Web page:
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Fencing and History Nut Extraordinaire. While I am tending toward 16th century at the moment, I am and have been interested in history for a long time. Hence the fencing focuses more on the Renaissance period than the modern. This explains two out of three of my blogs. The third is a more personal one focusing on fibromyalgia. What I write in these blogs, I hope will be of use to people.
 

Friday, September 20, 2013

di Grassi's Rapier and Cloak - The Second Part

Greetings,

This is an unusual case, as  there is a second part to the most recent blog which has been posted on di Grassi's Rapier and Cloak. Many people who read about di Grassi's Rapier and Cloak either only read the first part found in his manual or read on the second part. In order to understand the proper and complete operation of the use of the cloak it is necessary to have both. Thus what is presented below is di Grassi's information about the use of the cloak from "The Second Part intreatinge of Deceites and Falfinges of Blowes and Thruftes".

As with the previous presentations the "long s" has been replaced by "f", and all of the spelling and punctuation has been kept as it was in the original. All of the previous mentions of the conditions of the previous presentations of di Grassi's work thus also apply to this one. Enjoy.

Cheers,

Henry.

Of Sword and Cloke, or Rapier and Cloke

For to difceyue the enimie with the cloake, it is neceffarie to know how many waies in may ferue the turne, and to be skilfull how to fould it orderly about the arm, and how to take aduantage by the largenes thereof: and farther to vnderftand how to defend, and how to offend and hinder the enimie therewith, becaufe it fales not out alwaies, that men fight with their cloake wrapped about the arm, and the fword in hand, Therefore it is the parte of a wife man, to knowe alfo how to handle the cloake after any other manner.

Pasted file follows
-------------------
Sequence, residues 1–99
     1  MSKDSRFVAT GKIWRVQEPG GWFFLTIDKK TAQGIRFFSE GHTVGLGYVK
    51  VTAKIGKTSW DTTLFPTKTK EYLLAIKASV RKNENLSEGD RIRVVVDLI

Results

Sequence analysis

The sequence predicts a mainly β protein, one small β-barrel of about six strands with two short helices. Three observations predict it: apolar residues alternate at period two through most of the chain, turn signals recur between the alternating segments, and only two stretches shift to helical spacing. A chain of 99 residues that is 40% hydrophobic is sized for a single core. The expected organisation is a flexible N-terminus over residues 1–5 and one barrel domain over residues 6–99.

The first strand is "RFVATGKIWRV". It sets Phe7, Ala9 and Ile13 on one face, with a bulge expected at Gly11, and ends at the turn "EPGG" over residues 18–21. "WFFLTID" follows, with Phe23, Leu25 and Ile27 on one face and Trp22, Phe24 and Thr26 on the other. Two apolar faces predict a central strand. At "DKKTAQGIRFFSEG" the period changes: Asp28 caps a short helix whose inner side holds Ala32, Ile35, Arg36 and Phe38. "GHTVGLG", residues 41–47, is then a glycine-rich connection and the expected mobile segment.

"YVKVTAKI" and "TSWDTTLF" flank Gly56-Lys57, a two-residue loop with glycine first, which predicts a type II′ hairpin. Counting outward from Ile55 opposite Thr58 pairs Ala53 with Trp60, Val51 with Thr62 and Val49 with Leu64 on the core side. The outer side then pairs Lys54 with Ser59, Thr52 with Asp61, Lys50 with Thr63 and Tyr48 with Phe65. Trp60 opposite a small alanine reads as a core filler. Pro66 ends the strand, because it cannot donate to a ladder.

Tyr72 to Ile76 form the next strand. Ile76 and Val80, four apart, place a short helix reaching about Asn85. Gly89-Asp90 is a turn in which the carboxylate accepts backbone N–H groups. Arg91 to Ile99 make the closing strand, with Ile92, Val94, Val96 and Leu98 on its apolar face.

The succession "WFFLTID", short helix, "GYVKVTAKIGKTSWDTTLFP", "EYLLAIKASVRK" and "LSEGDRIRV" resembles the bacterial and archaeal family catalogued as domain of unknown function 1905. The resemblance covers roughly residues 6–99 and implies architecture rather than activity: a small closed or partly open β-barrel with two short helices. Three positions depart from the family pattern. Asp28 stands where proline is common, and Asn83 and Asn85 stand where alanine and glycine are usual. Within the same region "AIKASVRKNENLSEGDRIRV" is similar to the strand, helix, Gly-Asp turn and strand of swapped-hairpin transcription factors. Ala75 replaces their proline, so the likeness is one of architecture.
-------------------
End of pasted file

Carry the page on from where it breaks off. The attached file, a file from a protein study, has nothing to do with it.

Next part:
Wherefore one may get the aduãntage of the cloke, both when it is about his bodie, and when it is folded about his arme: The cloke being about the arme in this maner. When it chaunceth any man to bicker with his enimie, with whom he as at poynt to ioyne, but yet happelie weareth about him at that inftant no kind of weapon, whereas his enimie is weaponed, & threateneth him, then by taking both fides of the cloake as neare the coller as is pofsible, he may draw it ouer his owne head, and throwe it at his enimies face, who then being intanglerd and blinded therewith, may either be throwen downe, or disfurnifhed of his weapon very eafely by him that is nimble, efpecially if he haue to deale againft one that is flow. A man may after an other manner take the aduantage of the cloake which the enimie weareth, by taking with one hande both fides thereof, neere the coller; which fides being ftrongly holden, caufe the cloak to be a ginne or fnare about the enimies necke, the which ginne being violently haled, and plucked with one hande, he may fo forciblie ftrike him with the other on the face or vifage, that he will goe neere hande to breake his necke.